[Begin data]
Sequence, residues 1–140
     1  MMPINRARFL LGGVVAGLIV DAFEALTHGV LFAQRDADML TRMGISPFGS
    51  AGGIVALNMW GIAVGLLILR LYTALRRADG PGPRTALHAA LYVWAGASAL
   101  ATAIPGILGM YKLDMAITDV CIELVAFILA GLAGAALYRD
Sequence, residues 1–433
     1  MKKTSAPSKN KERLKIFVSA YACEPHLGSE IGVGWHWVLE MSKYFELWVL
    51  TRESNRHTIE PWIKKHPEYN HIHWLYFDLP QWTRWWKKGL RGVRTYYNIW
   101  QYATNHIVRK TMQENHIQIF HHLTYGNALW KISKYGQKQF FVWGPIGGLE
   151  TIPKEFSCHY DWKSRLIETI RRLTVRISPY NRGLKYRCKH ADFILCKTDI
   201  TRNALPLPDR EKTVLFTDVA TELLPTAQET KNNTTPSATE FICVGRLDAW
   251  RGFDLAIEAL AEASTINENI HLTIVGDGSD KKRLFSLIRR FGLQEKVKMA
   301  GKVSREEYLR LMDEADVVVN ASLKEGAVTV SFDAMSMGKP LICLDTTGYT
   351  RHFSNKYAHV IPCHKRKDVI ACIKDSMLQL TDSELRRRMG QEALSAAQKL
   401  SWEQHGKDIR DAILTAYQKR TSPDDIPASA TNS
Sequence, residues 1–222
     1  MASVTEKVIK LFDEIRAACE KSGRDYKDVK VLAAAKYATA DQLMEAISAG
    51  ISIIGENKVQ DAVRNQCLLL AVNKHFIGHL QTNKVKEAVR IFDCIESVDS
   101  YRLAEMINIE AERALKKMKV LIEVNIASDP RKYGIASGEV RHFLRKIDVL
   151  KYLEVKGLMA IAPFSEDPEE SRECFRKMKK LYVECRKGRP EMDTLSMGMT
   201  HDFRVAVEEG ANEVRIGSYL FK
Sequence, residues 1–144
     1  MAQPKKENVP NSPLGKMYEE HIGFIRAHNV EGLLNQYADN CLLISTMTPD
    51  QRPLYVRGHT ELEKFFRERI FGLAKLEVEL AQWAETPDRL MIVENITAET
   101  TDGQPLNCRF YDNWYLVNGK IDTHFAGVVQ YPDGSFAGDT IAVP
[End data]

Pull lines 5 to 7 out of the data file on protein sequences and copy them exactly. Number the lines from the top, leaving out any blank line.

Sequence, residues 1–433
     1  MKKTSAPSKN KERLKIFVSA YACEPHLGSE IGVGWHWVLE MSKYFELWVL
    51  TRESNRHTIE PWIKKHPEYN HIHWLYFDLP QWTRWWKKGL RGVRTYYNIW